What is Cost or Value Segregation Studies and why should I care?
By definition, a cost segregation study is identifying personal property assets that are grouped with real property assets, and separating out personal assets for tax reporting purposes.
A real world example: when you build a building and everything associated with that building is generally categorized under a vague description and bulked together to become one fixed asset entry with a class of Real Property and depreciating on a straight-line method with a 39 year life. However, after a true cost segregation study, most of the time (if properly executed) 20% to 60% can be reclassified into Personal Property and depreciated on a double declining balance with a much shorter recovery period – either 7 or 5 years! Way better than 39 hu?
So why should I care? Because silly, who wouldn’t want better control over their fixed asset line items and who wouldn’t want to recover more depreciation and uncover those assets that may qualify for additional bonus depreciation (Economic Stimulus Bill for an extra 50%)? Bottomline of why — generate more cash flow in these ‘trying’ times and clean up your fixed assets!
Why don’t more people take advantage of this study? Generally, they are too concerned about paying for such a service, but in the end, this service actually PAYS for itself right off the bat! Imagine if you will…. recognizing an overall 20% to 60% write-off on your fixed assets; still not convinced? It’s MONEY in your pocket!
For those that don’t want to take my word for it….
My friend Wiki states:
In addition to providing tax relief, cost segregation can benefit businesses in a number of ways:
- Maximizing tax savings by adjusting the timing of deductions. When an asset’s life is shortened, depreciation expense is accelerated and tax payments are decreased during the early stages of a property’s life. This, in turn, releases cash for investment opportunities or current operating needs.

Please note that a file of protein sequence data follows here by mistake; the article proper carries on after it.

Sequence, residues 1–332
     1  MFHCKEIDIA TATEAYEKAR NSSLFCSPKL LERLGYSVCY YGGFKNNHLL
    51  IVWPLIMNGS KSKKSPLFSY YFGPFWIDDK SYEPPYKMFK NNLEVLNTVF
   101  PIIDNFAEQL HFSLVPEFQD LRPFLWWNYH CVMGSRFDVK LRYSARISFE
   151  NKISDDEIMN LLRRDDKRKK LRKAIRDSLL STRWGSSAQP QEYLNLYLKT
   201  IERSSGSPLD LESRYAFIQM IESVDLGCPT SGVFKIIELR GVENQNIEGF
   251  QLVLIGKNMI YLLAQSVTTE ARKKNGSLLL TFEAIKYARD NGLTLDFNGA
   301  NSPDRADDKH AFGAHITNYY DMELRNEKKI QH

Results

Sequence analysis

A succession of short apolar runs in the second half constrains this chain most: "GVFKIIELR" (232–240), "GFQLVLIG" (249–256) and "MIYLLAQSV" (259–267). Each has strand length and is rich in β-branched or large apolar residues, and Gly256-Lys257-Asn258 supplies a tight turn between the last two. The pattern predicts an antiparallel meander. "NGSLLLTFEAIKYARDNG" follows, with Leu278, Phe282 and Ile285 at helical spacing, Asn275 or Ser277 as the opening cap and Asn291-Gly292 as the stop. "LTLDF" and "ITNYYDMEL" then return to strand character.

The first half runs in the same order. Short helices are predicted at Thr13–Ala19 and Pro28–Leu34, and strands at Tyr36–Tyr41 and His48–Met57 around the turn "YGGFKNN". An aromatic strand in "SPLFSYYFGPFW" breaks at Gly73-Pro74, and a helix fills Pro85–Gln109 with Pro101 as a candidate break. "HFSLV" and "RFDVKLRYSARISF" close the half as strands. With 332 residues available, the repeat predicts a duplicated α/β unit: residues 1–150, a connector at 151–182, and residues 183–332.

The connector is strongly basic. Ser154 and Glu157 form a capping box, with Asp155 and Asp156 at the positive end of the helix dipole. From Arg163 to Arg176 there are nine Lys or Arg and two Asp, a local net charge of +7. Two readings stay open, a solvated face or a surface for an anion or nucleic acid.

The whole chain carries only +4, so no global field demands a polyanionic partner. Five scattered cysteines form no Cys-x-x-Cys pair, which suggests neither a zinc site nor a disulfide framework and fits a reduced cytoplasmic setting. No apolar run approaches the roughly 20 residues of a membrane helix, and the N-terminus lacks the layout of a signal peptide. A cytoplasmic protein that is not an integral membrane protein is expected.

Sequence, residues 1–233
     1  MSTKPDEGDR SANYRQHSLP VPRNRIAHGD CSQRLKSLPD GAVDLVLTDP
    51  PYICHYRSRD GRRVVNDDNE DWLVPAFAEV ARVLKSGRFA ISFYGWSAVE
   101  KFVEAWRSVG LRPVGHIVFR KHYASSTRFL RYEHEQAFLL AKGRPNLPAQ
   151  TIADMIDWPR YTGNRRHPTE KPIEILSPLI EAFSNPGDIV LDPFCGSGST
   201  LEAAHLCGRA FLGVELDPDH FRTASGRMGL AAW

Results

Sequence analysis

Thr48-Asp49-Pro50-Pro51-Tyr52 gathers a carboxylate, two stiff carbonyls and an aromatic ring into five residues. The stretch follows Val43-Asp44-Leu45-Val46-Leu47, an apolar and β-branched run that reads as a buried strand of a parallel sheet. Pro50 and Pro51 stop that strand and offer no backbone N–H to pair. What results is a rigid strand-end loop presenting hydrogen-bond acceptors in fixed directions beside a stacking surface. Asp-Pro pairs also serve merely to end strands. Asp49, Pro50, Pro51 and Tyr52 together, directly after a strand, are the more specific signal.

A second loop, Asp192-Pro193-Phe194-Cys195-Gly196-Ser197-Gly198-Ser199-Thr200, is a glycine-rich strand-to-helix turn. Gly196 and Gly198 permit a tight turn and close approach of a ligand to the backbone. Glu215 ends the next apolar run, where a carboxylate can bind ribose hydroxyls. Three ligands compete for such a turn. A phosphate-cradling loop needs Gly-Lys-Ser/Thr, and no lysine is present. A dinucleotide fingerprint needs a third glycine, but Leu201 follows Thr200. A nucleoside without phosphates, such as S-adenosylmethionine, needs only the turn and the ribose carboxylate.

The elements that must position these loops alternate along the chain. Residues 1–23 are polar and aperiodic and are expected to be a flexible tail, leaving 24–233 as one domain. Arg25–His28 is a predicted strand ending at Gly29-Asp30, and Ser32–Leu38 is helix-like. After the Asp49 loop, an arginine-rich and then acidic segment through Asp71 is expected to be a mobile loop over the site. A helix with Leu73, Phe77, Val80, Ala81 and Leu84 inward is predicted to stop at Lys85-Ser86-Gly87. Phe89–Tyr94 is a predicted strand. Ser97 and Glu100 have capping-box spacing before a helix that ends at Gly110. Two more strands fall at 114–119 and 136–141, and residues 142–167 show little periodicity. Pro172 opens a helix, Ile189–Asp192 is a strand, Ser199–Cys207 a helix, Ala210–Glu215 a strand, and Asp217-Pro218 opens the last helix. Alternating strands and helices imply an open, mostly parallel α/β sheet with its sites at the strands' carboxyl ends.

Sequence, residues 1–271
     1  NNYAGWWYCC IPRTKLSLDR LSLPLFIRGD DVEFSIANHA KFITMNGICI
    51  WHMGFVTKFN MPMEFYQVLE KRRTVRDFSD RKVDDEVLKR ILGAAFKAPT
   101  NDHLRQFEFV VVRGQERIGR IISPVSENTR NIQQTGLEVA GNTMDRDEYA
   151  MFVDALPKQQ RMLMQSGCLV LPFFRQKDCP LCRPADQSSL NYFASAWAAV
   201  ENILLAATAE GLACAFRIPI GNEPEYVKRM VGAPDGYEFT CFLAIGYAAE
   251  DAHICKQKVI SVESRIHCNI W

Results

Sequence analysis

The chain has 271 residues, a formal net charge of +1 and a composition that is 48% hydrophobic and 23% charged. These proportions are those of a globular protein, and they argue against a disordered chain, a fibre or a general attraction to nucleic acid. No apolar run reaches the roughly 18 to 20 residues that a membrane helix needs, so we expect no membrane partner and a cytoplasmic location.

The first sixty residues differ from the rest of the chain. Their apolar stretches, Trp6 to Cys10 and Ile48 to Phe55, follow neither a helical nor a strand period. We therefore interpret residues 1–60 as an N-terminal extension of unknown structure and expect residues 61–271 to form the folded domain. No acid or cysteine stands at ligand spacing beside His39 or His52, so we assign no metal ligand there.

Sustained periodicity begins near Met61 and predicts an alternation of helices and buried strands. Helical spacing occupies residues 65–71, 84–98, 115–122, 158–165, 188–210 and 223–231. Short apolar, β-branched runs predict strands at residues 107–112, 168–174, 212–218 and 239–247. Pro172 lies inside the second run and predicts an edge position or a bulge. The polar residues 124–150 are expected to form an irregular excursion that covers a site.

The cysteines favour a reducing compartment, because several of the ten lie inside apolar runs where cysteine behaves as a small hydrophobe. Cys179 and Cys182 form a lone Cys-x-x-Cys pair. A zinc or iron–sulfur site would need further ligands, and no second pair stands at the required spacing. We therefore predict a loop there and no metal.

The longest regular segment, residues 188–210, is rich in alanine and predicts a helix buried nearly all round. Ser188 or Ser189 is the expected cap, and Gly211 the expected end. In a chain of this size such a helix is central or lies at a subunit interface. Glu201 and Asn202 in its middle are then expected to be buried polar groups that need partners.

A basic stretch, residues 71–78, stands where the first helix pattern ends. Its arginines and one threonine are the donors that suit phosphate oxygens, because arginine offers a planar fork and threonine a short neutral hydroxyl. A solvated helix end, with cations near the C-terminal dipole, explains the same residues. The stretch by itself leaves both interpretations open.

- Creating an audit trail. Improper documentation of cost and asset classifications can lead to an unfavorable audit adjustment. A properly documented cost segregation helps resolve IRS inquiries at the earliest stages.
- Playing Catch-Up: Retroactivity. Since 1996, taxpayers can capture immediate retroactive savings on property added since 1987. Previous rules, which provided a four-year catch-up period for retroactive savings, have been amended to allow taxpayers to take the entire amount of the adjustment in the year the cost segregation is completed. This opportunity to recapture unrecognized depreciation in one year presents an opportunity to perform retroactive cost segregation analyses on older properties to increase cash flow in the current year.
- Additional tax benefits. Cost segregation can also reveal opportunities to reduce real estate tax liabilities and identify certain sales and use tax savings opportunities.
Under certain circumstances, segregated assets may qualify for a special 30% bonus depreciation allowed by the Job Creation and Worker Assistance Act of 2002 or a 50% bonus depreciation allowed under the Jobs and Growth Tax Relief Reconciliation Act of 2003.